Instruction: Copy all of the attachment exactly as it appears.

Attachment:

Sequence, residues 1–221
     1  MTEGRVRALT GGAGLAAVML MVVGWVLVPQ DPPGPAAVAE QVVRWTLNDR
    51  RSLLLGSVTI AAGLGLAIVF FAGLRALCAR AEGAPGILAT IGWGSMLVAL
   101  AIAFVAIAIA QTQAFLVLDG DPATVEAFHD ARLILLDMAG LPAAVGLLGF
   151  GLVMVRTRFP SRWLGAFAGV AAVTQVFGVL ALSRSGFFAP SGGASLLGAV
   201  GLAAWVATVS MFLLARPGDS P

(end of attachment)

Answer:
Sequence, residues 1–221
     1  MTEGRVRALT GGAGLAAVML MVVGWVLVPQ DPPGPAAVAE QVVRWTLNDR
    51  RSLLLGSVTI AAGLGLAIVF FAGLRALCAR AEGAPGILAT IGWGSMLVAL
   101  AIAFVAIAIA QTQAFLVLDG DPATVEAFHD ARLILLDMAG LPAAVGLLGF
   151  GLVMVRTRFP SRWLGAFAGV AAVTQVFGVL ALSRSGFFAP SGGASLLGAV
   201  GLAAWVATVS MFLLARPGDS P